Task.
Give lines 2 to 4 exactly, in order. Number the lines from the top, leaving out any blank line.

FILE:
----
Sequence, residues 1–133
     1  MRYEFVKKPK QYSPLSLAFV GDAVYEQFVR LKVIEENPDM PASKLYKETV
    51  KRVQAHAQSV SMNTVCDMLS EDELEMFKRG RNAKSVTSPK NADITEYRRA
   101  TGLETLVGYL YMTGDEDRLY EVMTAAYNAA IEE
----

     1  MRYEFVKKPK QYSPLSLAFV GDAVYEQFVR LKVIEENPDM PASKLYKETV
    51  KRVQAHAQSV SMNTVCDMLS EDELEMFKRG RNAKSVTSPK NADITEYRRA
   101  TGLETLVGYL YMTGDEDRLY EVMTAAYNAA IEE